Honors Course Requirements

Honors courses are typically sections of General Education courses with an honors designation. During the first two years of enrollment, Honors students are required to enroll in designated Honors courses, depending on requirements in their major.

In continuing Honors education in upper level courses, Honors Contract courses are advised for major courses or related courses. An Honors contract is a mechanism for giving Honors depth and worth to a regular course. Specifically, an Honors Program student makes an agreement with the course instructor to engage in Honors quality course work in order to receive Honors credit for the course. The Honors Contract concept can be viewed as an opportunity for “bringing scholarship to Honors Education.” Honors Program students must confer with the Honors Program director before initiating an Honors Contract with an instructor. Terms of the contract and departmental approval must be completed within the first two weeks of each semester.

Honors Program Scholarly Participation

The Virginia State University Honors Program is a member of several Honors organizations. These affiliations give Honors Program students the opportunity to participate in programs and events with other Honors students across the country. They include the following:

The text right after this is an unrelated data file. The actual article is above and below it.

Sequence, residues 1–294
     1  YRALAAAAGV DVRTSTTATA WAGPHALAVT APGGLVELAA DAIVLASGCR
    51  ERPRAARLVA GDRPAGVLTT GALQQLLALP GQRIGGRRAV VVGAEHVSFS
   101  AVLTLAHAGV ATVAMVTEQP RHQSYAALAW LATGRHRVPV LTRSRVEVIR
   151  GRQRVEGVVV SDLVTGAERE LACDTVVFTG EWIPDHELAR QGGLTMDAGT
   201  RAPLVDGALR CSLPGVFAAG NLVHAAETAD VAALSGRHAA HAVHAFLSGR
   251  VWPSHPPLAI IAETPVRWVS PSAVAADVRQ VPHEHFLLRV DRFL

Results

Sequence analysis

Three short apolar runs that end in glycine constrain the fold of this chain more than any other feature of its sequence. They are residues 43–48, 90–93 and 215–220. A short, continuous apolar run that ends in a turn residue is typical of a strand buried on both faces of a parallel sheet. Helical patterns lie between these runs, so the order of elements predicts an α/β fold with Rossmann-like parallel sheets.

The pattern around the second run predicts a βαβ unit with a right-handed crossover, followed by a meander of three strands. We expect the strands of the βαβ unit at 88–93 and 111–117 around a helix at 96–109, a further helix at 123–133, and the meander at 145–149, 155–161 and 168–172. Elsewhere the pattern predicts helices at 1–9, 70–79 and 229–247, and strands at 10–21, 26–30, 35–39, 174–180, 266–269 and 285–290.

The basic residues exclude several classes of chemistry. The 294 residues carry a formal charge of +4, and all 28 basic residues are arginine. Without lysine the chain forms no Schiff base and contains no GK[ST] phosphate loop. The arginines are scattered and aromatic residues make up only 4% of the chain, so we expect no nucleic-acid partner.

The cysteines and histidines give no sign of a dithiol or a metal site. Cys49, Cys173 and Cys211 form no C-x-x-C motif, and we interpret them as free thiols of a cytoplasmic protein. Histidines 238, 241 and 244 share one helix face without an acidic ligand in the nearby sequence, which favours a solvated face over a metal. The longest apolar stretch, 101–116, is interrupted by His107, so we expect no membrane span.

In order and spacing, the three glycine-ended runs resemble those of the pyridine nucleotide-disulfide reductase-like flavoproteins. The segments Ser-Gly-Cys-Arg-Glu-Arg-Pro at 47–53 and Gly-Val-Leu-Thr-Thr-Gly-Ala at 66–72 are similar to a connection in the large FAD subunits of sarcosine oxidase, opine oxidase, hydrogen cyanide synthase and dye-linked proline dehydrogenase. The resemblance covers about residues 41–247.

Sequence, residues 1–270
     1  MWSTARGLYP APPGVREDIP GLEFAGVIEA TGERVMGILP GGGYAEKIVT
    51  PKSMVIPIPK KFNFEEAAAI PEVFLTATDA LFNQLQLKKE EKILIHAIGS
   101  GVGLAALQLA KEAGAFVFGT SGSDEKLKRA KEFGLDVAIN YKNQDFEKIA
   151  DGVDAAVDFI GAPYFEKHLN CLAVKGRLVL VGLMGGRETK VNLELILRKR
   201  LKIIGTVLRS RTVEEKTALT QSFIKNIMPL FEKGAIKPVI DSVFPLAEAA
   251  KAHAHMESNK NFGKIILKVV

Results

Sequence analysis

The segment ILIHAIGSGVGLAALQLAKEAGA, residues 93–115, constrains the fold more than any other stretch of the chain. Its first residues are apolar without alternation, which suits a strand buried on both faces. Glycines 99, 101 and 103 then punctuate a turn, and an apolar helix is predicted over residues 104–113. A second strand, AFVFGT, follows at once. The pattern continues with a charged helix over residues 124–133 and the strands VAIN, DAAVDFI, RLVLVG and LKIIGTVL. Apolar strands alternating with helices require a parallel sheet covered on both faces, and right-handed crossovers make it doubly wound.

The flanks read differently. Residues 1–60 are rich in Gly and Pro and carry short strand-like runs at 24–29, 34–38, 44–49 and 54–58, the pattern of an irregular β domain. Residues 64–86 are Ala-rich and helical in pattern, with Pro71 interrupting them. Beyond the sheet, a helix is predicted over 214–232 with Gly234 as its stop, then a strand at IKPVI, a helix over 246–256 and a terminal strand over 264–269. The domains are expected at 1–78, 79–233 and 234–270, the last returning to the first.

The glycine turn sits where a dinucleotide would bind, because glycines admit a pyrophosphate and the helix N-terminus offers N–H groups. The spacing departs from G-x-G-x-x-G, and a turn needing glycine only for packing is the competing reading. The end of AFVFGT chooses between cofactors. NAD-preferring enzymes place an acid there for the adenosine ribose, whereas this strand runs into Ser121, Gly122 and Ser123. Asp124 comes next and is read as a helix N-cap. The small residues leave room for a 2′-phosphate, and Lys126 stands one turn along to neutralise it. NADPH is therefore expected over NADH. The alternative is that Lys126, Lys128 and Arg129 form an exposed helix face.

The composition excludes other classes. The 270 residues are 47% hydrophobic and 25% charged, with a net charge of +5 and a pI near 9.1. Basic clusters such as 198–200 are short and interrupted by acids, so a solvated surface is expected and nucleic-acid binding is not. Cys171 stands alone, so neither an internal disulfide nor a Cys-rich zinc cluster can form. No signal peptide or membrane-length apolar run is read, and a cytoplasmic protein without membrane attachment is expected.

National Collegiate Honors Council (NCHC)

National Association of African American Honors Programs (NAAAHP)

Southern Regional Honors Council (SRHC)

Virginias Collegiate Honors Council (VCHC)

Honors Program Students and Leadership Involvement

Many Honors Program students are and have been involved in leadership roles on campus and off campus. Proudly, the Program can boast of two students, Alicia Fritz and Crystal Burns, who served as student vice president of the National Association of African American Honors Programs (2004-2005) and the Virginias Collegiate Honors Council (2002 -2003), respectively. Currently, among the executive student leadership on campus, Shantae Perkins serves as “Miss Virginia State University,” Nathaniel Graves is the reigning “Mr. Virginia State University” and Bianca Brodie serves as the student vice president for business and finance. Other scholars serve as class kings and queens and officers in the many campus organizations.

Honors Program Community Service

The Honors Program participates in the following community service activities:

Making Strides Against Breast Cancer Walk – Richmond, VA

Walk Against Hunger – Downtown Churches United, Petersburg

Mind Games – Petersburg Public Schools

W.E.B. Du Bois Invitational Honors Conference – Host (Local middle and high school students)
Triple “R” Reading Club (Readers Reaching Readers)—Virginia Avenue Early            

Childhood Learning Center, Petersburg Public Schools 

Reach Out and Read Virginia—Reading to Children in Doctors’ Offices,                        

Petersburg Alliance for Children and Families